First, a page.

Reformers blast sex offender legislation
Bill increases restrictions, requirements for sex offenders
Legislation in the Illinois General Assembly to increase registration time and other requirements for Illinois’ 25,000 sex offenders awaits a House vote in the final days of the session. Opponents working to stop the bill say it would waste scarce resources without improving public safety.
Senate Bill 1040 would increase the length of time sex offenders have to register in the statewide database, increase the frequency of registration updates and even require sex offenders to report their whereabouts if staying in a temporary location for three or more days in a calendar year. Registration terms for applicable misdemeanors would increase from 10 years to 15 years, while convictions for other applicable crimes would require registration for 25 years. Sex offenders who don’t register or don’t update their address or other information would then have to register for life, and registration would also be required for several similar offenses under federal law.
The bill passed the Senate with a 59-0 vote on April 13 and will likely see a vote in the House before an upcoming May 27 legislative deadline. It is sponsored by Sen. William Haine, a Democrat from Alton.
If SB1040 becomes law, it will bring Illinois closer to compliance with the 2006 federal Adam Walsh Child Protection and Safety Act, which mandates the longer registration terms for sex offenders and requires that individual states adapt existing sex offender registries to a federal standard, among other requirements. At least one federal law enforcement grant is tied to compliance with the Adam Walsh Act, so states that don’t comply risk losing federal funds.
But advocates for reform of laws pertaining to sex offenders say the longer registration terms and increased update frequency are an unnecessary enhancement to an ineffective system with regard to juvenile offenders.
Nicole Pittman, a juvenile justice policy attorney at the Juvenile Defenders Association of Philadelphia who studies state registration databases, says current registration requirements in Illinois unfairly stigmatize youth offenders. Her research indicates that 98 percent of all individuals who commit sexual offenses as juveniles do not commit further sex offenses, often because their crimes are only statutory violations rather than cases of sexual assault or abuse.
“What I’ve found is that registration for juveniles is not effective at all. It doesn’t have any effect on the level of public safety,” Pittman says, adding that Illinois sometimes requires sex offender registration for non-sexual offenses like urinating in public.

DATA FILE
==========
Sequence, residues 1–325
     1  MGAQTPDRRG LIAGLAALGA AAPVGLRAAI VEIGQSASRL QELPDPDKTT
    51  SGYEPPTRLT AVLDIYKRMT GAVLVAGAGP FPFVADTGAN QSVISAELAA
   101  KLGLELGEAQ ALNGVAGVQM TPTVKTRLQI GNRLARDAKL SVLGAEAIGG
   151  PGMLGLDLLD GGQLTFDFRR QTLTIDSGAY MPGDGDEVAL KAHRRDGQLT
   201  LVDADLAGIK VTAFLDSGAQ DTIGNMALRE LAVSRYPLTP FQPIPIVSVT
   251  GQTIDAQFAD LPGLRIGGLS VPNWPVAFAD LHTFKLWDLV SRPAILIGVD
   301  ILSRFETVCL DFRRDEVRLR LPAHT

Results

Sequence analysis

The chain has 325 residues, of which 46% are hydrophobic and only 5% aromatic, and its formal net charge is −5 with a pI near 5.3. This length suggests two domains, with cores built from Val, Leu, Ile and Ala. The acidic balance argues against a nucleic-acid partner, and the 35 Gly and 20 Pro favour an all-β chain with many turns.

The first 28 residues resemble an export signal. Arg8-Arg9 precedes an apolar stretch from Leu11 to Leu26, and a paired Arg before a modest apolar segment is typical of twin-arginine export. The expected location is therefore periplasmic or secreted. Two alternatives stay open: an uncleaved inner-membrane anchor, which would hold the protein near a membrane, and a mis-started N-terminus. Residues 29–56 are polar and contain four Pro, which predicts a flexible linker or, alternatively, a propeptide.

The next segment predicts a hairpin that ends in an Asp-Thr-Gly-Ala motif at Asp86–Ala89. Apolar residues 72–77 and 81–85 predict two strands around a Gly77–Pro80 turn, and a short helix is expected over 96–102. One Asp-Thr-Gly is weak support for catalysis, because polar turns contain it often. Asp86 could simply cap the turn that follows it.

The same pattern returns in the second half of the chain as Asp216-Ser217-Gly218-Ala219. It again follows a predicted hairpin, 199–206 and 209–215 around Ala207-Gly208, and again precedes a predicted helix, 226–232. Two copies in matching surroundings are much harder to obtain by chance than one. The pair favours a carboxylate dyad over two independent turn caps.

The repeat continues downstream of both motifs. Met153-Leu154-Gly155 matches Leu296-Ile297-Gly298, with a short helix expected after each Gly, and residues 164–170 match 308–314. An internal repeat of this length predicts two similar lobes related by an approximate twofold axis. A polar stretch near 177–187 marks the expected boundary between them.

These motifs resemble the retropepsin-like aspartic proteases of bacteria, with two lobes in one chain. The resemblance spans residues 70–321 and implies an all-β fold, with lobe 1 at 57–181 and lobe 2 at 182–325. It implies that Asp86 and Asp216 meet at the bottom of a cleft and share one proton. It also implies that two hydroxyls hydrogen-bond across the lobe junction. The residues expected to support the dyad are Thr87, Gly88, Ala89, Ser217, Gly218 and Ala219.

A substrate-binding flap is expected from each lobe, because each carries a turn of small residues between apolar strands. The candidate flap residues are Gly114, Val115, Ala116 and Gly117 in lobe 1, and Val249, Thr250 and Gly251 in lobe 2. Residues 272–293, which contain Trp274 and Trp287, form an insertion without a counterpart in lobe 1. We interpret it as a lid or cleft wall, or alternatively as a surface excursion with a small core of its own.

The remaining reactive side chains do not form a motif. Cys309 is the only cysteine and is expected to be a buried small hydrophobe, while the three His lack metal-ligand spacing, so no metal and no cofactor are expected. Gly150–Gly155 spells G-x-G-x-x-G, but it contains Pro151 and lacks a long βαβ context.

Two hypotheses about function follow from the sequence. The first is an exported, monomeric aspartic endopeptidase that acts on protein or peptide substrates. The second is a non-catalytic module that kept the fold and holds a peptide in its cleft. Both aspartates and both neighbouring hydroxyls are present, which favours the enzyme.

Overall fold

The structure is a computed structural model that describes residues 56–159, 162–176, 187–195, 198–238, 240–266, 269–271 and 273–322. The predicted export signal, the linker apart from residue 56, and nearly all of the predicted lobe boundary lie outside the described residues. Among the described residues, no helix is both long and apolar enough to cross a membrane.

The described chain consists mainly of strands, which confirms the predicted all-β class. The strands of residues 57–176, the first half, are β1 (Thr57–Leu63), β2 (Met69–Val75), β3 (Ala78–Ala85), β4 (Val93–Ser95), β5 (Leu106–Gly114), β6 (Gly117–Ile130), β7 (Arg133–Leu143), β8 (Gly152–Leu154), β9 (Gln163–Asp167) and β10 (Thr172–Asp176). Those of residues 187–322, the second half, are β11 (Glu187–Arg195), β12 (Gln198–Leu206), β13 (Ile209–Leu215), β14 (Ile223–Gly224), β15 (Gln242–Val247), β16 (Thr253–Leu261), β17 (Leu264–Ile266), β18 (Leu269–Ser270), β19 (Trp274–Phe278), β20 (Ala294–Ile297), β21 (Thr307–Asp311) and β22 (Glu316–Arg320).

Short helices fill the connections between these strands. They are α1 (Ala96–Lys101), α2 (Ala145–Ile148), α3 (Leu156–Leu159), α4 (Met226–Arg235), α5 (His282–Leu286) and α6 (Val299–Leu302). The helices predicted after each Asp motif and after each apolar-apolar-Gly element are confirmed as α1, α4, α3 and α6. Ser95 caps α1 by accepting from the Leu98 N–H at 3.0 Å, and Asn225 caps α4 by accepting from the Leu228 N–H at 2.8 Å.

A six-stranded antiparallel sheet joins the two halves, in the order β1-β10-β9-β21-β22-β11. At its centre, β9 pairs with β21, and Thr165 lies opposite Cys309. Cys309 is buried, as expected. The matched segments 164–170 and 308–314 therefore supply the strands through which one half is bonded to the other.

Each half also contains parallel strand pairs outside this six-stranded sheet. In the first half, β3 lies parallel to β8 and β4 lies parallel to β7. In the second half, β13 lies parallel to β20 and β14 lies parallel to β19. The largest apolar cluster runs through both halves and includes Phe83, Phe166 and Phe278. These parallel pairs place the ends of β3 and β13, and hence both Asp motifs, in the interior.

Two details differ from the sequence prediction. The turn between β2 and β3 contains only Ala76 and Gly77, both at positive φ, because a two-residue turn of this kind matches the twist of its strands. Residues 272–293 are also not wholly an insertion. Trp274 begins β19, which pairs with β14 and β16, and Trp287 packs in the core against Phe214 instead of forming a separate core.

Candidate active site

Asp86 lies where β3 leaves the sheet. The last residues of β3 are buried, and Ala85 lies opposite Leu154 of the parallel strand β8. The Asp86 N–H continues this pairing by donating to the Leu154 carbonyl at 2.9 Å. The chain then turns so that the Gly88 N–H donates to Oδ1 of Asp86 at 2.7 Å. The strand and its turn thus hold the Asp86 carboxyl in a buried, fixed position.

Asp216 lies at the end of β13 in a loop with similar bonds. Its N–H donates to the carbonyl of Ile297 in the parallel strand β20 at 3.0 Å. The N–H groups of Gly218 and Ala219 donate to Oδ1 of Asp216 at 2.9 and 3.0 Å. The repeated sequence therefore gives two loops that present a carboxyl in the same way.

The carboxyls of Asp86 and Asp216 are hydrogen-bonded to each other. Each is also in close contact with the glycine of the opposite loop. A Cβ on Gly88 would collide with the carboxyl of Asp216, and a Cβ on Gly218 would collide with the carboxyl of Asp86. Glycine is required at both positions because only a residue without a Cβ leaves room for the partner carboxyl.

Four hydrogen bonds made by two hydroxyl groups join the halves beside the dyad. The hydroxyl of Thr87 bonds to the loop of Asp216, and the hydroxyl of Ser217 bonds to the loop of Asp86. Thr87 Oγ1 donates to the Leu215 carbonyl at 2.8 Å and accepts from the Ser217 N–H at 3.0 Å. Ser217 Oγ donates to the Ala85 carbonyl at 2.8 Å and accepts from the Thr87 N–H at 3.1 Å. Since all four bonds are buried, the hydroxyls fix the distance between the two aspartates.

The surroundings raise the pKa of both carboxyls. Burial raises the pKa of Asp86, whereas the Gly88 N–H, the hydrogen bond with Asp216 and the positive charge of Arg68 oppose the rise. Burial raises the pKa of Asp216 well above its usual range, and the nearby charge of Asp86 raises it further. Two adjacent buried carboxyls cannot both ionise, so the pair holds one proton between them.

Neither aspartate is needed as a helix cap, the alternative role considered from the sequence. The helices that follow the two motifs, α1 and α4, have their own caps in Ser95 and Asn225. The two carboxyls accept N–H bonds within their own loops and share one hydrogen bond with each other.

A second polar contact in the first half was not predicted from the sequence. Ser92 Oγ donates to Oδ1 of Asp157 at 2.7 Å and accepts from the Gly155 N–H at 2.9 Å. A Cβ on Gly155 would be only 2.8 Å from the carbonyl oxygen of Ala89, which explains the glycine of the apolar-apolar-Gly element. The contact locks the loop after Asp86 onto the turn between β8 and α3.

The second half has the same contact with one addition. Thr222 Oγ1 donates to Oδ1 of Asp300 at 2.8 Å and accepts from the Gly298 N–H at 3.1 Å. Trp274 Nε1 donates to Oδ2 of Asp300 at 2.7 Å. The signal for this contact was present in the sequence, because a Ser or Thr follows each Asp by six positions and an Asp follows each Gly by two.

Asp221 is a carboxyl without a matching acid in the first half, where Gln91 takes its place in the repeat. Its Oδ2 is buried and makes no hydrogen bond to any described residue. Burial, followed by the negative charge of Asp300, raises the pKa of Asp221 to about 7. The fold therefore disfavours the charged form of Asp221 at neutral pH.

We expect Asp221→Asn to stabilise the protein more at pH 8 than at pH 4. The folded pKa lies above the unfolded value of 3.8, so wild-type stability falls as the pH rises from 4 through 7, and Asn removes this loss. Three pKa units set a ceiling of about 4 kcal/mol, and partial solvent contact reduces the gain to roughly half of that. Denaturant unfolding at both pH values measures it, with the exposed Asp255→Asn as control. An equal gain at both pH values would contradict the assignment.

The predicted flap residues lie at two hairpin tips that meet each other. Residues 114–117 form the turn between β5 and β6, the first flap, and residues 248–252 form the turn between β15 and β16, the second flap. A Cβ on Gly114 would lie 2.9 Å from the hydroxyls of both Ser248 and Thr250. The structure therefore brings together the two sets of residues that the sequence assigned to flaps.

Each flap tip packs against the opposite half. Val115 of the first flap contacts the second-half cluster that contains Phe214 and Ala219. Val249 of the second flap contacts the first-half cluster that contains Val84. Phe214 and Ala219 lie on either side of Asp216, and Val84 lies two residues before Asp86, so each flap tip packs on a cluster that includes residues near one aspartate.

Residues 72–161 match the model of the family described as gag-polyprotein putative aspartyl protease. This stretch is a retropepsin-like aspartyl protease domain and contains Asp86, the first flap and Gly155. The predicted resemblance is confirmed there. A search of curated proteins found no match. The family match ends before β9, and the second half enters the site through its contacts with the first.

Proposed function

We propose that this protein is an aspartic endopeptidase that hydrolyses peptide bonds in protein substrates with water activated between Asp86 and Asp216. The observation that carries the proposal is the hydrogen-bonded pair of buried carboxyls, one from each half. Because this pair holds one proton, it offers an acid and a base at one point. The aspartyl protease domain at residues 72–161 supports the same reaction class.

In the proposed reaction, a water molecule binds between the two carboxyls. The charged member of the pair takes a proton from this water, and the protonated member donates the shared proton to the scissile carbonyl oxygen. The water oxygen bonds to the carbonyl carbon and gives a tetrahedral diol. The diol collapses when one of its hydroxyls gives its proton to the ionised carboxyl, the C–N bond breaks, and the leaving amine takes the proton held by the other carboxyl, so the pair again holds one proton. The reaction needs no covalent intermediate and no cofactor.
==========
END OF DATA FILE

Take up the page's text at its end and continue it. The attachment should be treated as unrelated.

“It makes no sense to increase registration times to 15 or 25 years when a juvenile is not going to recidivate,” she says.
Tonia Maloney, director of Illinois Voices for Reform, says “many people required to register as sex offenders are teenagers having consensual sex with someone a few years younger.
“These young people are no threat to society, and especially children,” she says. “Having them register for longer periods of time does nothing to protect society, which was the original intent of the registry. Life as a registered sex offender is extremely difficult as it is. These young people just want a chance at a normal life.”
House Bill 1139, which would have relaxed penalties for a teen caught in a consensual sex act with another teen under the legal age of consent, failed in the House March 3 with a 36-73 vote. That bill would have also allowed certain juveniles to petition a court to waive their registration requirement.
Rep. Elaine Nekritz, a Democrat from Northbrook, requested that the state estimate how much SB1040 would cost and how many inmates it would add to Illinois prisons. Those requests – referred to respectively as a fiscal note and a corrections note – must be completed before the bill can pass. Nekritz said she is not sure when the notes would be completed, adding that she is not necessarily against the bill, but she believes penalty enhancements need more study.
“Increasing penalties in a state where we already increase penalties 20 to 30 times a year is not a rational policy,” Nekritz says. “I’m not sure these changes move us toward a rational policy when dealing with sex offenders, and all of these penalty enhancements cost us money. We really need to look at these issues before we act.”
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